Advocacy group files complaint with state ethics commission about Maryland Gov. Hogan’s business arrangement

The group Public Citizen filed an ethics complaint Wednesday against Gov. Larry Hogan, alleging that he made a funding decision that benefited his real estate company.

The watchdog group Public Citizen has filed a complaint with the State Ethics Commission, asking it to investigate whether Maryland Gov. Larry Hogan has conflicts of interest due to his business deals.

Hogan earns income from his real estate business, Annapolis-based HOGAN, while serving in office. A trust manages the business, but the governor receives updates on the company’s affairs under an arrangement the commission approved in 2016, after Hogan was first elected in 2014. HOGAN, formerly called the Hogan Cos., is currently run by the governor’s brother, Timothy Hogan.


While the trust agreement was worked out, the commission gave Hogan guidance that cautioned him to follow ethics laws prohibiting personal gain from his office and sharing confidential government information with his business. The guidance also instructed the governor to avoid conflicts of interest.

In its complaint Wednesday, Public Citizen said the governor appeared to have violated ethics laws when he included funding in a 2015 budget for a highway interchange in Brandywine, near several properties the company owns. The group also asked the commission to re-evaluate the trust arrangement.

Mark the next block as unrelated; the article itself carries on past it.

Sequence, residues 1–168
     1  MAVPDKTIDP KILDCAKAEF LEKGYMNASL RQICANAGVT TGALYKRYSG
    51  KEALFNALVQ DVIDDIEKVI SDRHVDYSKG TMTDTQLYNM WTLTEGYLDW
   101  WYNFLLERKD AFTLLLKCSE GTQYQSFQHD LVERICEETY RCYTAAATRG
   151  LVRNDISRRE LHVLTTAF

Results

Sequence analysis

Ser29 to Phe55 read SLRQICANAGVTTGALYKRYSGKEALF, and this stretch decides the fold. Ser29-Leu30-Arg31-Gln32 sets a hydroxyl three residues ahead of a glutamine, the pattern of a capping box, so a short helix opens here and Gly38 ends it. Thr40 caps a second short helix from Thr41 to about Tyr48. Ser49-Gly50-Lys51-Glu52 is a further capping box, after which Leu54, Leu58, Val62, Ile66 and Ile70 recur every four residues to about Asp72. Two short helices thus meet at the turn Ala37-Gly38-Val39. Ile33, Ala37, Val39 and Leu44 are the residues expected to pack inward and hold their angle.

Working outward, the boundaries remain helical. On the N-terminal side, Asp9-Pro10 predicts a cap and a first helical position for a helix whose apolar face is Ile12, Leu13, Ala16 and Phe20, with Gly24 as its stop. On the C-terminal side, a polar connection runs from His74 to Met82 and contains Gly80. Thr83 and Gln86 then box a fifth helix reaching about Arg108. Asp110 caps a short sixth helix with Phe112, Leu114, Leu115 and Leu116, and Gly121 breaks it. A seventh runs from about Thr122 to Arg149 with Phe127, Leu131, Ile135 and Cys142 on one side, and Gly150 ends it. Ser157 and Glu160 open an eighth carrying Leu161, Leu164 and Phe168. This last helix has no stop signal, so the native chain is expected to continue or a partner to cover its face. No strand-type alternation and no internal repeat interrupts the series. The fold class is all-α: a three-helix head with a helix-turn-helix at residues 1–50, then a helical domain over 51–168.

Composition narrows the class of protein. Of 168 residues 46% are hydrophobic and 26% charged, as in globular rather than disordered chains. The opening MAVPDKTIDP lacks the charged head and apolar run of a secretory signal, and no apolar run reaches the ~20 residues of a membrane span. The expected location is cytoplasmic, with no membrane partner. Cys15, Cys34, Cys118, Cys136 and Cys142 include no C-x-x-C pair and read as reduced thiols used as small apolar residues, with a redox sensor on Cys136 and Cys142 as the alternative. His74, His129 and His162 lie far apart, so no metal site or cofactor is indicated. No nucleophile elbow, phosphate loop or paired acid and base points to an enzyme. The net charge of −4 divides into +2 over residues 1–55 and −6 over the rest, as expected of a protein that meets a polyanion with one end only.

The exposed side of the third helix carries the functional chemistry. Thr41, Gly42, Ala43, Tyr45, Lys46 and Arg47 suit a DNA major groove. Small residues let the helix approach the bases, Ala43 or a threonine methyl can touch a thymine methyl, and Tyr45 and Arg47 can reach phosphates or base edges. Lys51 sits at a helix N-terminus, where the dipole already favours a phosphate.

Hogan has defended his business dealings as aboveboard and said in the past that he has followed the state’s ethics laws and instructions from the commission.

"We are completely transparent and every single thing that I have any interest in, we turn it over to the Ethics Commission, which is available to the public,” he said last month.

He previously touted the Brandywine interchange as a way to “help remove a major bottleneck in Prince George’s County.”

Hogan spokesman Mike Ricci responded Wednesday to the Public Citizen complaint with a statement: “The ethics commission developed and implemented an agreement with the governor that goes further than Maryland’s ethics laws and has been followed to the letter. This is an activist organization peddling delusions that have been debunked time and again.”

Commission Director Michael W. Lord declined to comment on the complaint.

Maryland’s Green Party filed a similar complaint Thursday with the commission, citing the Brandywine road project, as well as other actions it found questionable, such as state funding for road and crosswalk improvements near a HOGAN property in Hyattsville in 2017 and the company’s auction purchase of a State Highway Administration property in Severn in 2014.

The governor’s office declined to comment on the Green Party complaint.

During the 2018 campaign, Hogan released tax returns showing he had made about $2.4 million — mostly from the real estate business — since being elected in 2014 to the first of his two four-year terms. Due to term limits, he cannot run again for governor.


The governor is required to file annual financial disclosures. In his 2019 filing, Hogan reported having an ownership interest in 43 limited liability companies, including four new ones.

Baltimore Sun reporter Luke Broadwater contributed to this article.